Carbon dating is wrong

For example, graphite is opaque and black while diamond is highly transparent.

Graphite is soft enough to form a streak on paper (hence its name, from the Greek verb "γράφειν" which means "to write"), while diamond is the hardest naturally occurring material known.

Carbon forms a vast number of compounds, more than any other element, with almost ten million compounds described to date, The allotropes of carbon include graphite, one of the softest known substances, and diamond, the hardest naturally occurring substance.

It bonds readily with other small atoms including other carbon atoms, and is capable of forming multiple stable covalent bonds with suitable, multivalent atoms.

Its first four ionisation energies, 1086.5, 2352.6, 4620..7 k J/mol, are much higher than those of the heavier group 14 elements.

The electronegativity of carbon is 2.5, significantly higher than the heavier group 14 elements (1.8–1.9), but close to most of the nearby nonmetals as well as some of the second- and third-row transition metals.

All carbon allotropes are solids under normal conditions, with graphite being the most thermodynamically stable form.

They are chemically resistant and require high temperature to react even with oxygen.

Carbon's abundance, its unique diversity of organic compounds, and its unusual ability to form polymers at the temperatures commonly encountered on Earth enables this element to serve as a common element of all known life.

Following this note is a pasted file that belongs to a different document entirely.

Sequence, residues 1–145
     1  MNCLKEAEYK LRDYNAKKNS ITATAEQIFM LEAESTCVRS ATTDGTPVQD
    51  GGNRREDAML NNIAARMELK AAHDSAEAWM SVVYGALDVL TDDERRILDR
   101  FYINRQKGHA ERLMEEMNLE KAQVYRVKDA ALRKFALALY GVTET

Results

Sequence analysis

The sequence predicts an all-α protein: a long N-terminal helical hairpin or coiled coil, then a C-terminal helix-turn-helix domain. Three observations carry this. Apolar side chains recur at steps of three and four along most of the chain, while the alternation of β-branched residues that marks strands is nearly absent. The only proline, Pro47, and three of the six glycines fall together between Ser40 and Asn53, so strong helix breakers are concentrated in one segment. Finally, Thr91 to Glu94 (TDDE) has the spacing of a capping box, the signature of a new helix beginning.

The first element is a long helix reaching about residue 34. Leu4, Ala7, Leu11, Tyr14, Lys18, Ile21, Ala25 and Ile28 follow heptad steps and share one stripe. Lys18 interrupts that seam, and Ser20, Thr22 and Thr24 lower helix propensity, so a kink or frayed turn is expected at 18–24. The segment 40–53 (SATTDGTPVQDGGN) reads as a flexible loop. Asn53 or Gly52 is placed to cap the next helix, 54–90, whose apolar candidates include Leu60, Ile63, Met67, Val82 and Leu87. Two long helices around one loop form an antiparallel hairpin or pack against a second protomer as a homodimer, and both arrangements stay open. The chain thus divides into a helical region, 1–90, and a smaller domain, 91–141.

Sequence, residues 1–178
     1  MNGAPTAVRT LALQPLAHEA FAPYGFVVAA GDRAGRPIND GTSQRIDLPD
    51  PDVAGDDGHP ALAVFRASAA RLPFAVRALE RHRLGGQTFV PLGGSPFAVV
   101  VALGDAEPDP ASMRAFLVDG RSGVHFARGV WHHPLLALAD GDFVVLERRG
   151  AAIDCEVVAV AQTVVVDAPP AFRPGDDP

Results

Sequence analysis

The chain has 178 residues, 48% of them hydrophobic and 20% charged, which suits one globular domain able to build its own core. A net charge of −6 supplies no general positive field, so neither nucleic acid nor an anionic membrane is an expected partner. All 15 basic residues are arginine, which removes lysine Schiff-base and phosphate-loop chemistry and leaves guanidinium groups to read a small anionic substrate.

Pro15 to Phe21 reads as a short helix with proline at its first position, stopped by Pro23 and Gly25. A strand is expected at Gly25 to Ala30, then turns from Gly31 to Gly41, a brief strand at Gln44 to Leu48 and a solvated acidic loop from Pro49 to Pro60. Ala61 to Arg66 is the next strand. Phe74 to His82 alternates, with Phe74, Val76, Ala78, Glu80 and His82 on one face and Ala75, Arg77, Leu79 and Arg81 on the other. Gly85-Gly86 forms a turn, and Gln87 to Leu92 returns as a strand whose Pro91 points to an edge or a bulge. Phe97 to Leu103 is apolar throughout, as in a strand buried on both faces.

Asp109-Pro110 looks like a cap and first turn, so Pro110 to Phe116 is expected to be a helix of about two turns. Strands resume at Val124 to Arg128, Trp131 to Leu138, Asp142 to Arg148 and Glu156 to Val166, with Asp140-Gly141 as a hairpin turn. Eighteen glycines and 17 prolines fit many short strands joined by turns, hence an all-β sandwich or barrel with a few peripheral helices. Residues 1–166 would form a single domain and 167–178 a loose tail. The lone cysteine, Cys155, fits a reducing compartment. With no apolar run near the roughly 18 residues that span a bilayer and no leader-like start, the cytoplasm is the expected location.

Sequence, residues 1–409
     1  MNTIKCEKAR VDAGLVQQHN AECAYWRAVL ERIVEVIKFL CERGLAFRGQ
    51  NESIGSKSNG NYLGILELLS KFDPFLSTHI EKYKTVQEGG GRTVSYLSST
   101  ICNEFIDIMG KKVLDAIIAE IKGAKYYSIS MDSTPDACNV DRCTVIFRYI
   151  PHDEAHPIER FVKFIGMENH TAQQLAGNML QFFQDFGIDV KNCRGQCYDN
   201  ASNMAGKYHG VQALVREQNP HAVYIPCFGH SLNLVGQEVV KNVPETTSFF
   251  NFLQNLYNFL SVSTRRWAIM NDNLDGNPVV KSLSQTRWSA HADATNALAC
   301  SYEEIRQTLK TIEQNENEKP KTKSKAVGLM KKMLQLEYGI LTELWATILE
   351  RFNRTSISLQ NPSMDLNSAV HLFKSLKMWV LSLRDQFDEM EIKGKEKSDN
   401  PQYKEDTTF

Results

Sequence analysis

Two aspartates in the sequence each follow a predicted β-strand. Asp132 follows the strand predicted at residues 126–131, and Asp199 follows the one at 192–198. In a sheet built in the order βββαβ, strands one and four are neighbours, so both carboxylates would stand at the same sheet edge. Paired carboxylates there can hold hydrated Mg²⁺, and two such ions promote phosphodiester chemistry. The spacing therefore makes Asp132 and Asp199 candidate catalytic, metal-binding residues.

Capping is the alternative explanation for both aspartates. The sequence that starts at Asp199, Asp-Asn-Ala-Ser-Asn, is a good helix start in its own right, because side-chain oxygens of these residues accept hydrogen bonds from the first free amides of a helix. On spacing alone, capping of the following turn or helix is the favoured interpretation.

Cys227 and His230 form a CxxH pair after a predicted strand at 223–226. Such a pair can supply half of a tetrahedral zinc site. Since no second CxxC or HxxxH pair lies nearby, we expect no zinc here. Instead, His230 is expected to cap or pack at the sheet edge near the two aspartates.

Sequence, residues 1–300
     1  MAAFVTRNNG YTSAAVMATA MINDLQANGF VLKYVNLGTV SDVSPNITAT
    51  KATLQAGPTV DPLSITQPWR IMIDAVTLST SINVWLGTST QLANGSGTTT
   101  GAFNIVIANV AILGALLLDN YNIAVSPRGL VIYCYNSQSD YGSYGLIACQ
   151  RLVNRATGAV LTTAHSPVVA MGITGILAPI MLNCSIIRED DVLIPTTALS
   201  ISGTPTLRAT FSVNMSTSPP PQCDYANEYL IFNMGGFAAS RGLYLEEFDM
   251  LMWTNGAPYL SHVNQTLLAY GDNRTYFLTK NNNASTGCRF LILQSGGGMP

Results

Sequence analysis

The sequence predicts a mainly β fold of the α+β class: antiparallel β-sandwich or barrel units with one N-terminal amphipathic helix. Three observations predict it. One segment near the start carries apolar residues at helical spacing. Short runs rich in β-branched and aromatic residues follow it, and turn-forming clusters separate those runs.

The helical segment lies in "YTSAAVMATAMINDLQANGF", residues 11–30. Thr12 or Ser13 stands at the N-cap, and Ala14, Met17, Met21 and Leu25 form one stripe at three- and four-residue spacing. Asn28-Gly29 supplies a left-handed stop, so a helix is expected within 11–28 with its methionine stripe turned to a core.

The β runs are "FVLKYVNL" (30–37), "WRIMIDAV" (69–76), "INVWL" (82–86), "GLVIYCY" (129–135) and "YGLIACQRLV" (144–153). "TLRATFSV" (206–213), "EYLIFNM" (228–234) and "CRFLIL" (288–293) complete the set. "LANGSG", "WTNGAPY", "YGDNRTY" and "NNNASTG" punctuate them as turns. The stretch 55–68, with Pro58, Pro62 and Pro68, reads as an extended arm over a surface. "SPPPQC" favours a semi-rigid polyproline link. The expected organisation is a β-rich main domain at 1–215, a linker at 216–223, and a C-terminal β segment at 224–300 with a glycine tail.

Carbon's covalent radii are normally taken as 77.2 pm (C–C), 66.7 pm (C=C) and 60.3 pm (C≡C), although these may vary depending on coordination number and what the carbon is bonded to.

In general, covalent radius decreases with lower coordination number and higher bond order.

For example, graphite can be oxidised by hot concentrated nitric acid at standard conditions to mellitic acid, C Carbon sublimes in a carbon arc which has a temperature of about 5,800 K (5,530 °C; 9,980 °F).

Thus, irrespective of its allotropic form, carbon remains solid at higher temperatures than the highest melting point metals such as tungsten or rhenium.